Fieldbus and Ethernet: Complementary, Not Competitive

Jan. 8, 2014
Siemens’ whitepaper helps explain how the two industrial communications technologies address specific functions for different types of technologies at different levels in a manufacturing facility.

As Ethernet continues its rapid advance into manufacturing, a place where it was not so long ago considered a technology not well suited for industrial applications, there has been a great deal of discussion and confusion about the continuing role of fieldbus. In the Automation World feature article, The Race to Ethernet, the roles both technologies play in modern manufacturing is discussed in great detail against a backdrop of reader responses to a survey focusing on the use of industrial Ethernet and fieldbus technologies.

To help further enlighten the discussion about the complementary roles of Ethernet and fieldbus in manufacturing, Siemens recently released a white paper, “Why Now is the Time to Migrate to Industrial Ethernet”. Judging from the title, it may seem as if this paper is all about ditching fieldbus in favor of Ethernet, but that is not the case. The white paper details the different roles both technologies play.

The paper explains that fieldbus is “a term used to describe a group of industrial networking protocols as defined by IEC 61158” and commercialized in the 1980s to provide real-time distributed control of the components comprising an industrial system. Ethernet, which was also commercialized in the 1980s, is a digital networking system originally designed to operate in near real-time. “It has since been adapted for use in industrial data communications and control. At the same time, it’s become the world’s de facto networking standard for wired and wireless applications. In fact, advancements in Ethernet over the years have minimized its latencies to such an extent—below human perception levels of 21 milliseconds—that it’s now used to transport voice and video in near real-time.”

To highlight how fieldbus and Ethernet technologies fit into the control hierarchy of automated industrial systems, the Siemens paper points out that human machine interface (HMI) systems communicate via Ethernet with a middle layer of PLCs, which in turn are linked via fieldbus technology to their various sensors, motors, switches and other devices.

Further clarifying the historical role of fieldbus at the device layer, the paper cites two main reasons that fieldbus has been widely deployed in industrial process control:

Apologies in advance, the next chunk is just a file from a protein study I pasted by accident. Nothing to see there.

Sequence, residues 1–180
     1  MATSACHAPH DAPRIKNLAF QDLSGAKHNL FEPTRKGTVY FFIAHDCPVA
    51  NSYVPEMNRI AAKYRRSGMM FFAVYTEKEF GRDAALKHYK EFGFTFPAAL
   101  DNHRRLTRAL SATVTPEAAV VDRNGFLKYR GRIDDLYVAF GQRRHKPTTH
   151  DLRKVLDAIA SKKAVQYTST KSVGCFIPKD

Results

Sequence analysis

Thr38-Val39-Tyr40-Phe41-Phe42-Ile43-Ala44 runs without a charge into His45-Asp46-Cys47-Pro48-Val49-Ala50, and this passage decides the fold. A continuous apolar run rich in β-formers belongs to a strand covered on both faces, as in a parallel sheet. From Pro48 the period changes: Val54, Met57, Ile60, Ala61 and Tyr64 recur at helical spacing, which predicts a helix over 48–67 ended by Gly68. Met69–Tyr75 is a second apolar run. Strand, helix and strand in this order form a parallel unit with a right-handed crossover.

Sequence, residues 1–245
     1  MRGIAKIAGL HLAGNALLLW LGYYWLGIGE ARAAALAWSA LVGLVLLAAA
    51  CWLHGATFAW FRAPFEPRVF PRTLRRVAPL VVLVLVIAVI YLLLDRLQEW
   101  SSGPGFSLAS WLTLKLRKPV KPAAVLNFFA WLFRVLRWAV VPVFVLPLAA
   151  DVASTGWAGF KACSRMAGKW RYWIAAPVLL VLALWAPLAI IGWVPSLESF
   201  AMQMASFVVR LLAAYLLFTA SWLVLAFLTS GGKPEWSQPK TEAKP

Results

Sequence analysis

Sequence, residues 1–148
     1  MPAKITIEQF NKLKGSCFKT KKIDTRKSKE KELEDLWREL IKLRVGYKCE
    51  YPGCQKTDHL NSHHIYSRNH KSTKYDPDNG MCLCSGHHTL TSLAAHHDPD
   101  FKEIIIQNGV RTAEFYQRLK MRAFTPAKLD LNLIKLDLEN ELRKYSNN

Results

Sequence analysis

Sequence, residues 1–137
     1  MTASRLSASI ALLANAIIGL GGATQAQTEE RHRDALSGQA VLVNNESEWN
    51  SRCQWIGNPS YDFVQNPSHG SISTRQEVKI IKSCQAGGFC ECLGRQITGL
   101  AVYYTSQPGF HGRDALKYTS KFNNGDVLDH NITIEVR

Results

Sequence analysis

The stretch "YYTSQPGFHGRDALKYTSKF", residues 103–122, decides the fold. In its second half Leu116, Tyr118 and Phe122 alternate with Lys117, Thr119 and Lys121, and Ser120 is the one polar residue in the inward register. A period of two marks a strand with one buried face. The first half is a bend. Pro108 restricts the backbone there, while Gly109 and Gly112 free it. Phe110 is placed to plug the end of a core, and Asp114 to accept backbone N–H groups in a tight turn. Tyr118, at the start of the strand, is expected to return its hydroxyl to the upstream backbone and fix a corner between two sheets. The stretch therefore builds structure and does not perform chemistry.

1. The predecessor control technology to fieldbus, 4-20 mA current loop analog communications, required dedicated wiring between devices. According to the Siemens white paper, “This [dedicated wiring] got expensive and complicated quickly, as more devices needed control within industrial environments.”
2. 4-20 mA connections, although much simpler than fieldbus, can only transmit one parameter, while fieldbus can communicate several.

While maintaining that fieldbus will continue to play an integral role in control communications, the paper notes that there are a large number of industrial control requirements have “risen that are beyond fieldbus capabilities.” Some of the requirements listed by Siemens are:
• Wireless and fail-safe communication;

• More than one master in the same bus section;

• Web-based management;

• Redundancy through ring topology;

• More than 126 connections/nodes on the same bus;

• Graphical visualization and automatic topology detection;
• Very high transmission rates over long distances, without separate repeaters, and without concerns about speed, adaptation, reflection and data collisions;
• Transmission of large data volumes such as databases, images and files via the same cable;
• Easy energy management; and
• Complete access to the entire network, including remote access.

Of course, the paper does get into some detail about Profinet, —Siemens industrial Ethernet protocol of choice. The paper notes that Profinet uses Ethernet’s TCP/IP standards for non-time critical communications, like diagnostics, but adds deterministic real-time channels to achieve real-time communications (in as little as 31.25 microseconds).

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